Sustainability:Get a tighter grip on energy
As the UK’s need to cut carbon emissions keeps on gathering momentum – with more government legislation looming on the horizon – HVR looks at the benefits of taking a holistic approach towards energy management
A recent survey commissioned by the Energy Saving Trust revealed a series of interesting public perceptions relating to the impact of carbon emissions.
According to the survey, 41% of people believe the UK will need a carbon police force to enforce energy-efficient measures and nearly two thirds of people anticipate that the government will introduce legislation to help cut CO2 emissions.
Such beliefs reinforce growing public concern and interest in environmental preservation, and the need for the public and private sectors to prioritise sustainable working practices. Buying decisions are becoming more influenced by green rhetoric, and organisations must work harder to satisfy the demands of carbon-conscious customers.
Bespoke and well structured energy management programmes can help companies and organisations of all sizes successfully meet this challenge.
Developing an energy management programme should start with conducting an energy management assessment. This will help identify areas in which a business can improve its efficiency and quantify potential emissions and financial savings.
The assessment can also provide a good basis for developing an environmental policy that clearly demonstrates an organisation's commitment to sustainable working.
Levels of assessment vary but generally it should comprise a full review of the company's buildings - including doors, windows, ventilation and roofs, operational equipment, working practices, metering and the local power supply network.
Mike Hogg, general manager of Shell Gas Direct, believes in working closely with customers.
He says: 'Shell Gas Direct focuses assessments on auditing energy usage in line with legislative requirements and the day-to-day operation of the business, including objectives and targets.
'This approach ensures a balance is struck between identifying the amount of energy needed to maintain core operation and the actual volume being consumed. An accurate scoring system can then be devised, which ranks the efficiency of the building, working practices and equipment, and realistic targets set for achieving reductions.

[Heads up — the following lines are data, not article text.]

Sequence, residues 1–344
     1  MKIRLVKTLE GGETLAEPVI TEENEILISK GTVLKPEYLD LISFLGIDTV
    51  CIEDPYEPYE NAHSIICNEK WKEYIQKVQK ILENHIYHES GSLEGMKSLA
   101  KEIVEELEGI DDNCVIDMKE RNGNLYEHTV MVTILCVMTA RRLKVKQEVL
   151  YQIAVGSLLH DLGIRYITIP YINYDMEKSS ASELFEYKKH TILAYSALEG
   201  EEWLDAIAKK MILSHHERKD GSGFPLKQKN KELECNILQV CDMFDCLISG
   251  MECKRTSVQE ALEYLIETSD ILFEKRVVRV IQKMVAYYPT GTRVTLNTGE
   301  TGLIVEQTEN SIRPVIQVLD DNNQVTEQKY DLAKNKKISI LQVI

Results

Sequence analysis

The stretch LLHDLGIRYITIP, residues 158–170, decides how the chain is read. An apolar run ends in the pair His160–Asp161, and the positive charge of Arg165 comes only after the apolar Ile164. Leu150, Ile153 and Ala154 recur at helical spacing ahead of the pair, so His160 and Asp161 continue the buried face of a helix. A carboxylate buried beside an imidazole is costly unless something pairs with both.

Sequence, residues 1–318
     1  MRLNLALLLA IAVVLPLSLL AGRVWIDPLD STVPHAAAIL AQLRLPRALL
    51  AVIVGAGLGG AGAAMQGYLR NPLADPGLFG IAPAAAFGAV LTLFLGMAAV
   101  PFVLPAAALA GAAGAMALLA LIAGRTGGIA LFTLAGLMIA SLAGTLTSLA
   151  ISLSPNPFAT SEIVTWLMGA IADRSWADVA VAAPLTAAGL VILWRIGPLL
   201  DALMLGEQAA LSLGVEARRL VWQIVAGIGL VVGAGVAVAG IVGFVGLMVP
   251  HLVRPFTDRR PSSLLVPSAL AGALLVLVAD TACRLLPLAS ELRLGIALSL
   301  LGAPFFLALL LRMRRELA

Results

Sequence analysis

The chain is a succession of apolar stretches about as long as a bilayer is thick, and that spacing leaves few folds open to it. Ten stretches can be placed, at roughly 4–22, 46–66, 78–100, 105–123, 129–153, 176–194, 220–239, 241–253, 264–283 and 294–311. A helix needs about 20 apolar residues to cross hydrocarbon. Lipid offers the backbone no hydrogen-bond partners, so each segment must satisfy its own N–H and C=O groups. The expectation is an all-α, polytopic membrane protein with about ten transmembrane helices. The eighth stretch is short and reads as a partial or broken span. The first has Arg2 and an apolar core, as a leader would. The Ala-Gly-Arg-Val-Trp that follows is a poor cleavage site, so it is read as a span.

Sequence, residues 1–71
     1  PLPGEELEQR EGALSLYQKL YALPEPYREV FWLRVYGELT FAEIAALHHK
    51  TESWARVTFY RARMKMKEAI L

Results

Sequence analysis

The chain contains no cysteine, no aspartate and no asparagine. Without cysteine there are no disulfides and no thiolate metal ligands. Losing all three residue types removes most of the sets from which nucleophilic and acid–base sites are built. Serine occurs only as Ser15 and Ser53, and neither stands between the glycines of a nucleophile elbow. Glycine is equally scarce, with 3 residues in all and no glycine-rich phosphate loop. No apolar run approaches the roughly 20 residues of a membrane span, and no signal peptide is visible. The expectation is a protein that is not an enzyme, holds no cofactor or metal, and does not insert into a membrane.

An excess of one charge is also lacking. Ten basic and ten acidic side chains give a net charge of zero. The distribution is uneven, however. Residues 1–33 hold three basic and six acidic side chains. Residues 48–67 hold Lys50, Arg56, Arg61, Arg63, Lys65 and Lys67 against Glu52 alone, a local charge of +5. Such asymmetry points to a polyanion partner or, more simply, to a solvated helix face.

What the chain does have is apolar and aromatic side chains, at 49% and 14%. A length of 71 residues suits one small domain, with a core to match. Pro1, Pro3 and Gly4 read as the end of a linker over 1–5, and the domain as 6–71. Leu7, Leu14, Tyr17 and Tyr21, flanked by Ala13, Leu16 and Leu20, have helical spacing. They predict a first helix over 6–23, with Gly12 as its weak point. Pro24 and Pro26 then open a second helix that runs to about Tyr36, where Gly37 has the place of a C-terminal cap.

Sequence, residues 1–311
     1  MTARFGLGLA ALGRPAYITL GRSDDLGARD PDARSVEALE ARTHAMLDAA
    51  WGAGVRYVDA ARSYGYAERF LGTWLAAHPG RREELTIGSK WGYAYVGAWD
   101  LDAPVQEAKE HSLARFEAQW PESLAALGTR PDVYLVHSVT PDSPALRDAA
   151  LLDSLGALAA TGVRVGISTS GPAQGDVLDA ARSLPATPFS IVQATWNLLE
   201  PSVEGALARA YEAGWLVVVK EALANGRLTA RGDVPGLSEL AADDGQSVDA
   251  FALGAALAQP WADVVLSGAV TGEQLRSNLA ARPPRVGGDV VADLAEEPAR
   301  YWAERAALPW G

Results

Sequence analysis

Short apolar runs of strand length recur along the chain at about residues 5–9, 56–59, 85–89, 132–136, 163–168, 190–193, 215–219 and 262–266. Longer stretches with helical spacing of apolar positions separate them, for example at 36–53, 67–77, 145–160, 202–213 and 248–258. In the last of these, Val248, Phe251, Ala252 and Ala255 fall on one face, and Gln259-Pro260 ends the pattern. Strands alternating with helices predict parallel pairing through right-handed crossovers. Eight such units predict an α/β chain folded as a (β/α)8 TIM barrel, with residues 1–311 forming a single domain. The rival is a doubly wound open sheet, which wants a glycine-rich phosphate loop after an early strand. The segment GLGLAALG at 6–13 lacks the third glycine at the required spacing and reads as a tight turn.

'Using the scoring system, high levels of inefficiency can be addressed as a priority to realise immediate emissions reductions and long-term strategies devised to deliver continuous improvement. Along with expert advice, this approach helps companies and organisations make informed decisions and progressively adapt operational strategies to accommodate sustainable methods of working.'
For example, the assessment can be used to pinpoint cost-free and low-cost measures that can be implemented straight away, such as adjusting air-conditioning temperatures by a few degrees and not leaving equipment on standby overnight.
This ensures all basic improvements are covered before more substantial investment is made in advanced energy-efficient technologies.
Similarly, an assessment can clarify the need for personnel training or the assignment
of roles and responsibilities to deliver the energy-management programme.
The success of the programme can be measured by regularly monitoring energy usage. One of the most frequently overlooked opportunities to improve sustainability is made at the procurement stage.
In many cases, businesses and organisations approach energy buying on a cost-only basis and tend not to consider how supplier expertise can assist best-practice energy efficiency.
Hogg says: 'A supplier with in-depth market knowledge, technical experience and resources will support the continued development of an energy management programme. This ensures it keeps pace with constantly evolving legislation and technology to continually deliver tangible benefits.
'To help increase understanding of energy usage, Shell Gas Direct can offer Automated Meter Reading (AMR) technology.
Trials from around the world show the AMRs - which are fitted to an existing gas meter and communicate usage data directly back to Shell (and the customer if required) via SMS - can help reduce energy consumption and maximise efficiency.'
The technology presents new opportunities for consumption data to be made available online, which users can access live. This level of monitoring, coupled with the ability for users to analyse consumption, will reduce the need for estimated billing, and could help customers to appreciate significant cost savings.
Better understanding of consumption can help to maximise energy cost savings which, in turn, can be invested in improving sustainable practices. Flexible gas supply contracts can be developed that: track market prices; offer fixed prices; a combination of the two; or allow customers to buy gas in advance.
Credible suppliers will be able to offer such packages, fitting in with user consumption and operational requirements. This is opposed to an off-the-shelf product that promises low prices, but costs significantly more in the long term.
Emission levels suggest the UK is suffering a major shortfall in achieving its 80% reduction target by 2050. As it strives to offset the difference, it is likely green-related funding and tax breaks will be introduced to increase energy efficiency.
11 August 2008